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Title: An exploration of creative managers' perspectives on digital creativity : the impact of viral campaigns on creative processes, appeals and creative teams in UK advertising agencies
Author: Raghubansie, Antonius D.
ISNI:       0000 0004 7231 7189
Awarding Body: Birmingham City University
Current Institution: Birmingham City University
Date of Award: 2016
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This research aims to develop conceptual insight into the practice and impact of a specific digital phenomenon - "viral marketing" - on marketing communications agencies. Specifically, it explores the UK, one of the most important hubs in global advertising looking at agenciesr campaign design planning, the roles of creative teams and the management processes through three research objectives: - To explicate, classify and explore the changes in advertising campaign planning processes and roles which digital phenomena such as virals have introduced - To capture and codify the working models which creative managers employ and the messaging strategies considered and implemented in viral campaigns - To develop theoretical models for understanding virals, agency campaign management, creative roles and develop extant frameworks Prior Work: Research into virals has grown rapidly over the last ten years but it is dominated by computing studies of online diffusion. The creative perspective has received little attention. Those studies which do address this viewpoint are principally focussed on the final advert. The voice of the producers of such campaigns - creative managers - is largely absent from the literature with a single study of campaign measurement. The roles of core teams/functions within the agencies, the criteria for viral creative concept evaluation, the campaign processes and working models are experiencing unprecedented change. Viral campaigns offer a bridge between the "old" and "new" worlds; it possesses the characteristics of TV and the Web. It is important because such viral campaigns have challenged the established models of advertising management and planning. Methods: The study undertakes the first comprehensive evaluation of the exisiting research into viral marketing, locating gaps in the creative design and management. Qualitative methodology through semi-structured in-depth interviews with creative managers in a range of UK advertising agencies is used to represent their views and responses to viral phenomena as they conceived, designed and reflected on campaigns. Contribution to Knowledge: This is the first study of the pre-launch/pre-production phase of campaign development. It has clarified a plethora of terms, in so doing developing the SPEED framework to understand the biological metaphor underpinning the phenomena, and finally producing a more accurate and comprehensive definition of the phenomenon. The paradigm funnel evaluation of prior research has tested and extended formal tools to arrive at a state of the art. The current research primarily consists of studies utilising secondary datasets, mainly quantitative - this study explores questions not just of what but of why, producing deeper insight than available before. Theoretical contributions: In the final model of viral creative management and design is an overarching conceptual contribution which for the first time represents creative roles, agency management and creative considerations at both pre and post-launch campaign phases. The thesis also develops theoretical constructs in specific areas - definition from practitioners, construct of campaign zones in viral design, a model of critical factors which facilitate virals, comparative theory of conventional and viral campaigns, characteristics of viral agencies, model of digital brand/agency relationships, a role construct for digital creatives among the main theoretical developments. These led into the final theoretical model.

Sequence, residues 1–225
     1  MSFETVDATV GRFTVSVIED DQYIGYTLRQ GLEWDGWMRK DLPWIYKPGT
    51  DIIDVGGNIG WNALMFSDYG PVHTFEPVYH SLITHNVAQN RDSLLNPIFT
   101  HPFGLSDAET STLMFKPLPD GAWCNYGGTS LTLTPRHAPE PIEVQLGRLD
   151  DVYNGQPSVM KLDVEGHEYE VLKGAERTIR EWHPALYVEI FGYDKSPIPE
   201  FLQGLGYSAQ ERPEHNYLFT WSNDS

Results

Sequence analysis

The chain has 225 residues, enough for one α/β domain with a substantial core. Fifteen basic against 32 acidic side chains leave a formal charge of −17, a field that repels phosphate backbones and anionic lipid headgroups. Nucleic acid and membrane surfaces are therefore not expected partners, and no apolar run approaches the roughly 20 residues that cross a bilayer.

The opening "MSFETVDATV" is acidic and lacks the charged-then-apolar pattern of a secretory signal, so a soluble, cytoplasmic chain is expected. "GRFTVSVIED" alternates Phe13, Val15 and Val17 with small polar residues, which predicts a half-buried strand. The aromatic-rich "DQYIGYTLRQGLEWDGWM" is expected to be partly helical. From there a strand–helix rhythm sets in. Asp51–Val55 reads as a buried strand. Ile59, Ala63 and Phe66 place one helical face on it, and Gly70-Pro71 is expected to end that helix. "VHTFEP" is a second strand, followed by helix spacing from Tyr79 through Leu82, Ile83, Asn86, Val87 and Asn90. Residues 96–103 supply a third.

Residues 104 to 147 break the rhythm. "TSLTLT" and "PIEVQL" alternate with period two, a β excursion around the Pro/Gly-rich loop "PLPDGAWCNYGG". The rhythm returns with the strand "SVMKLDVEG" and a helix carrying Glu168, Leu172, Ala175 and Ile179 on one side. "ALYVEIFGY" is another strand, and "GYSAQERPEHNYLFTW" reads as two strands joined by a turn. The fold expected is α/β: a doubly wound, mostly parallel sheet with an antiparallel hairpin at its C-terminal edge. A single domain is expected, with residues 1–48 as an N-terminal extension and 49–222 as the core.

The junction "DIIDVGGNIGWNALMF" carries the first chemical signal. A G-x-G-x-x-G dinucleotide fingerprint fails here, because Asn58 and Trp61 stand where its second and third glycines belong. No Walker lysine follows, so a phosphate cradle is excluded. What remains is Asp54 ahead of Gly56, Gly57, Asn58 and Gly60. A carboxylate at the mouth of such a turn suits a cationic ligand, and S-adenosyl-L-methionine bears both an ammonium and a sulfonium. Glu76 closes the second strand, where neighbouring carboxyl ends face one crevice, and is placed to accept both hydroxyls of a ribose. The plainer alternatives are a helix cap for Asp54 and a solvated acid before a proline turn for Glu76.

Supervisor: Lewis, Chris ; El-Gohary, Hatem Sponsor: Not available
Qualification Name: Thesis (Ph.D.) Qualification Level: Doctoral
EThOS ID:  DOI: Not available
Keywords: N100 Business studies ; N500 Marketing ; P200 Publicity studies